Almost as soon as he came to power, his first significant act of cruelty may have been motivated by a desire of revenge as well as a need to solidify his power. Early in his reign he gave a feast for his boyars and their families to celebrate Easter. Vlad was well aware that many of these same nobles were part of the conspiracy that led to his father's assassination and the burying alive of his elder brother, Mircea. Many had also played a role in the overthrow of numerous Wallachian princes. During the feast Vlad asked his noble guests how many princes had ruled during their life times. All of the nobles present had outlived several princes. One answered that at least thirty princes had held the throne during his life. None had seen less than seven reigns. Vlad immediately had all the assembled nobles arrested. The older boyars and their families were impaled on the spot. The younger and healthier nobles and their families were marched north from Târgoviste to the ruins of Poienari Castle in the mountains above the Arges River. Vlad the Impaler was determined to rebuild this ancient fortress as his own stronghold and refuge. The enslaved boyars and their families were forced to labor for months rebuilding the old castle with materials from another nearby ruin. According to the stories, they labored until the clothes fell off their bodies and then were forced to continue working naked. Very few of the old gentry survived the ordeal of building Vlad's castle.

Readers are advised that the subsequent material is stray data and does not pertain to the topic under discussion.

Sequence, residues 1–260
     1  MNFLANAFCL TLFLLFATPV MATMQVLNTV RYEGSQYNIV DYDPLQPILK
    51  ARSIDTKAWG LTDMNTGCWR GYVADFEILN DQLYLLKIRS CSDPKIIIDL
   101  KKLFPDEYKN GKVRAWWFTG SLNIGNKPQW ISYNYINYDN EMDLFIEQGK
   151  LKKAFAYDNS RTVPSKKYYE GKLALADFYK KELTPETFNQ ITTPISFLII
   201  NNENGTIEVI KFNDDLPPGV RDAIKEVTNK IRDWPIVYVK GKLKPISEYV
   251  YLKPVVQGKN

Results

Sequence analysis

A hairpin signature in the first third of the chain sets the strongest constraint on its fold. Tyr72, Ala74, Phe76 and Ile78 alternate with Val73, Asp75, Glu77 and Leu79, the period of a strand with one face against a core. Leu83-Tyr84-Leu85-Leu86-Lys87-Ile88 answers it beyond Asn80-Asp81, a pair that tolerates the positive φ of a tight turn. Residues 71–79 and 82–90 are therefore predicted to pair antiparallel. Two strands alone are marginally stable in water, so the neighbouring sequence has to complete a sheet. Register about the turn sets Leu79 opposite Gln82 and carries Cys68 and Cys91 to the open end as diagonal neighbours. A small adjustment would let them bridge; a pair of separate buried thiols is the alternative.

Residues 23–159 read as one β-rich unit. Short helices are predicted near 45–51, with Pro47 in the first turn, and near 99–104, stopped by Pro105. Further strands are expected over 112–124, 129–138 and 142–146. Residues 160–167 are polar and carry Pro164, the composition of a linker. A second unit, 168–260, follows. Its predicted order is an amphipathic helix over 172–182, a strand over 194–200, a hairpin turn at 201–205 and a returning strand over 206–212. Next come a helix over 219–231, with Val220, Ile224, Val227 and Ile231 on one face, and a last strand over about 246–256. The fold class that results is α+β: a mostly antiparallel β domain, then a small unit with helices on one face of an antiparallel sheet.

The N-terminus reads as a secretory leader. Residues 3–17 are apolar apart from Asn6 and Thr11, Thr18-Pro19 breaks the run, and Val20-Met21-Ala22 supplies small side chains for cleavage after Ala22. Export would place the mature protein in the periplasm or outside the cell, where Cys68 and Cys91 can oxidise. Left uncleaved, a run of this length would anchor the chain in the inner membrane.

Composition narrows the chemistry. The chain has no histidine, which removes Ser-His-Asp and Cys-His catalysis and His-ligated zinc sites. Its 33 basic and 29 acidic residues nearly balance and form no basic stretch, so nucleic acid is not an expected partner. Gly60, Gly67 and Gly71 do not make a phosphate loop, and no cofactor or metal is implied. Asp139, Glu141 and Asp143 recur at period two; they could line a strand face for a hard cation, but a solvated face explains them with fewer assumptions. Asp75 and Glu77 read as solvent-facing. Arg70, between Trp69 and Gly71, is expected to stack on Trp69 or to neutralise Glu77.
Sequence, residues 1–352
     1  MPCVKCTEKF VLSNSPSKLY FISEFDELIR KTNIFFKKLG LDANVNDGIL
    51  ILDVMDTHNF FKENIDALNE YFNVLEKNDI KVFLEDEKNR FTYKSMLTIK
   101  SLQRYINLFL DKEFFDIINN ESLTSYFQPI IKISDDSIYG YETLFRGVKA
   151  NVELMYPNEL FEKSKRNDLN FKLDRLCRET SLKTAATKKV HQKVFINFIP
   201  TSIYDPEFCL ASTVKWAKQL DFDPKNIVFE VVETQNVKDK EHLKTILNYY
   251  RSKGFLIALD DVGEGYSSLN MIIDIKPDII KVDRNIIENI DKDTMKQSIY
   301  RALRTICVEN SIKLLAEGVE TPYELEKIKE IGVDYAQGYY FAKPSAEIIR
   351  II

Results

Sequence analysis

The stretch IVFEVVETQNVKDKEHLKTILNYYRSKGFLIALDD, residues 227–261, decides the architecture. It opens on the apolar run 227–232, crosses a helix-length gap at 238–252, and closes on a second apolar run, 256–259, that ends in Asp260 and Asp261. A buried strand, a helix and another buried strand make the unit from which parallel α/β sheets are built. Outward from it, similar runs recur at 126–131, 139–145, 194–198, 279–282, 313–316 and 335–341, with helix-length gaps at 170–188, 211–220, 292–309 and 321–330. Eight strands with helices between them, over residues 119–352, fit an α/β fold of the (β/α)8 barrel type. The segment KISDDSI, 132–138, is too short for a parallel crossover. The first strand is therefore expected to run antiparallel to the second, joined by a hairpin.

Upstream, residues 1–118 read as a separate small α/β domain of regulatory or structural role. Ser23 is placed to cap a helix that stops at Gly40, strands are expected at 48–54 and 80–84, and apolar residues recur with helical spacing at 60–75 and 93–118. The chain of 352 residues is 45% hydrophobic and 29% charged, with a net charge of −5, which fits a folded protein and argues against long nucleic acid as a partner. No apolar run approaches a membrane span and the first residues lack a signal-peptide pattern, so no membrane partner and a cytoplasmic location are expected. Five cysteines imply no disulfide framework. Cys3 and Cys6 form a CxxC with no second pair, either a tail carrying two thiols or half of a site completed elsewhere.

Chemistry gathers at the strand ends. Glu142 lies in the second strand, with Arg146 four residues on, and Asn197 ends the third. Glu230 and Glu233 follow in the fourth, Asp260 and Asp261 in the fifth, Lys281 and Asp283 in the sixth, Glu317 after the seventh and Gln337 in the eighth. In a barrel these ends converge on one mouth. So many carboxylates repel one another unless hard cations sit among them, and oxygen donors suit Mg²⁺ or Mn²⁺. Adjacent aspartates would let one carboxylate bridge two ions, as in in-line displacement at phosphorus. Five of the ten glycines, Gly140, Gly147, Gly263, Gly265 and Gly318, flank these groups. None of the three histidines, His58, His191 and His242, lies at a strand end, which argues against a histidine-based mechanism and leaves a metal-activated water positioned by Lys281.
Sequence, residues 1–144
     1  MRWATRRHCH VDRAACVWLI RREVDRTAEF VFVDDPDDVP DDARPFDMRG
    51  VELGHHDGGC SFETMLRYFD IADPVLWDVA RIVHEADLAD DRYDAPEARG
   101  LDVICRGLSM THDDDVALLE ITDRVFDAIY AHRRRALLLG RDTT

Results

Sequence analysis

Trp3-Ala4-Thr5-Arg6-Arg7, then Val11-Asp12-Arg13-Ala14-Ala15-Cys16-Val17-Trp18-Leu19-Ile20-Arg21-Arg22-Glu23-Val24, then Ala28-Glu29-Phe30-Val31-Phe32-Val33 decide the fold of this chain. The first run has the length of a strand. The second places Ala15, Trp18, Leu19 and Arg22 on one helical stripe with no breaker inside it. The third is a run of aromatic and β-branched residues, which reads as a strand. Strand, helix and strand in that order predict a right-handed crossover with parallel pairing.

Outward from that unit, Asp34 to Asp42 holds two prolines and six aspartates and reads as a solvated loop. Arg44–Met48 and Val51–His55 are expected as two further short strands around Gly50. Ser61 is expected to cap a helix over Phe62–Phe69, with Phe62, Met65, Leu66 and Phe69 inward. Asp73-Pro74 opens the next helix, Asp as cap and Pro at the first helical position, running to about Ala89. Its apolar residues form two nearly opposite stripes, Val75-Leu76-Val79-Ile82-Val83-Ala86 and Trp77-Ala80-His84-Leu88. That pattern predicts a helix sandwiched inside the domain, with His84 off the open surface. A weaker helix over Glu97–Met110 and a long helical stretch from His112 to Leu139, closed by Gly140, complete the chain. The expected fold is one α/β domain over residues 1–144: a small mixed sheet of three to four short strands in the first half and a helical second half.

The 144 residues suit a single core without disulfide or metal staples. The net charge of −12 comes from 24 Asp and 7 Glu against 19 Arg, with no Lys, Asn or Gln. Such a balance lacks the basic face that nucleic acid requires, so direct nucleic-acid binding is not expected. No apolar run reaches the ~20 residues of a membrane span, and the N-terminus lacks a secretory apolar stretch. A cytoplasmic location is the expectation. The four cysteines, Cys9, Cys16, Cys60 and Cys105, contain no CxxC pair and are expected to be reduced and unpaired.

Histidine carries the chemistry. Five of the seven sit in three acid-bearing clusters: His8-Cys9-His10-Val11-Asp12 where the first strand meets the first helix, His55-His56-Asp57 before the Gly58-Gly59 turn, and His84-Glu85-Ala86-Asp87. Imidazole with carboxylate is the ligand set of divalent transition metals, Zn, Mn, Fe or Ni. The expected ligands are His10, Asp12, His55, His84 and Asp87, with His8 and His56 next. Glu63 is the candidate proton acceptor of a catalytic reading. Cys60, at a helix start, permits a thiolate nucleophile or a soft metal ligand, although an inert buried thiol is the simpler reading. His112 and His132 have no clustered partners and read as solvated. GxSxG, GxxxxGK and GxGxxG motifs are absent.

It is most likely that Bram Stoker found the name for his vampire from William Wilkinsons book called An Account of the Principalities of Wallachia and Moldavia: with various Political Observations Relating to Them. It is known that Stoker made notes about this book. It is also suggested by some that because Stoker was a friend of a Hungarian professor (Arminius Vambery/Hermann Vamberger) from Budapest, Vlad's name might have been mentioned by this friend. Regardless of how the name came to Stoker's attention, the cruel history of the Impaler would have readily lent itself to Stoker's purposes. The events of Vlad's life were played out in a region of the world that was still basically medieval even in Stoker's time. The Balkans had only recently shaken off the Turkish yoke when Stoker started working on his novel and ancient superstitions were still prevalent. 

Given the history of the vampire legend in Europe it is perhaps natural that Stoker should place his great vampire in the heart of the region that gave birth to the story. Once Stoker had determined on a locality Vlad Dracula would stand out as one of the most notorious rulers of the selected region. He was obscure enough that few would recognize the name and those who did would know him for his acts of brutal cruelty; Dracula was a natural candidate for vampirism.